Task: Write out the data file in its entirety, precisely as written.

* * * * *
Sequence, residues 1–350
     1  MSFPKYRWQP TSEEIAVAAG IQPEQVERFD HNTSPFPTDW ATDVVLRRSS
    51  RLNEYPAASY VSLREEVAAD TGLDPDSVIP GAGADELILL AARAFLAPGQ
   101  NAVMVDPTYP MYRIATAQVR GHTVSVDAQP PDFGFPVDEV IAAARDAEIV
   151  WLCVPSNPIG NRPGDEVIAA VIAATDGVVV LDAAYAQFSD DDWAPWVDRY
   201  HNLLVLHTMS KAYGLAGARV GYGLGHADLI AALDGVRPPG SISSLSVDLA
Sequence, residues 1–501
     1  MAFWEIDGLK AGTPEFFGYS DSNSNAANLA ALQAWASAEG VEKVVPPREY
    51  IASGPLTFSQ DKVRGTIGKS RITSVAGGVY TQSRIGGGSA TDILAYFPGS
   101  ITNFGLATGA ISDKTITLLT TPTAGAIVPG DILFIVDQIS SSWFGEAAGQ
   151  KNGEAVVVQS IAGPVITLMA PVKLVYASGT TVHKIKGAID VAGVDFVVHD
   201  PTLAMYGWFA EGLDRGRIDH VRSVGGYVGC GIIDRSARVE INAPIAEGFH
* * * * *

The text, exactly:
Sequence, residues 1–350
     1  MSFPKYRWQP TSEEIAVAAG IQPEQVERFD HNTSPFPTDW ATDVVLRRSS
    51  RLNEYPAASY VSLREEVAAD TGLDPDSVIP GAGADELILL AARAFLAPGQ
   101  NAVMVDPTYP MYRIATAQVR GHTVSVDAQP PDFGFPVDEV IAAARDAEIV
   151  WLCVPSNPIG NRPGDEVIAA VIAATDGVVV LDAAYAQFSD DDWAPWVDRY
   201  HNLLVLHTMS KAYGLAGARV GYGLGHADLI AALDGVRPPG SISSLSVDLA
Sequence, residues 1–501
     1  MAFWEIDGLK AGTPEFFGYS DSNSNAANLA ALQAWASAEG VEKVVPPREY
    51  IASGPLTFSQ DKVRGTIGKS RITSVAGGVY TQSRIGGGSA TDILAYFPGS
   101  ITNFGLATGA ISDKTITLLT TPTAGAIVPG DILFIVDQIS SSWFGEAAGQ
   151  KNGEAVVVQS IAGPVITLMA PVKLVYASGT TVHKIKGAID VAGVDFVVHD
   201  PTLAMYGWFA EGLDRGRIDH VRSVGGYVGC GIIDRSARVE INAPIAEGFH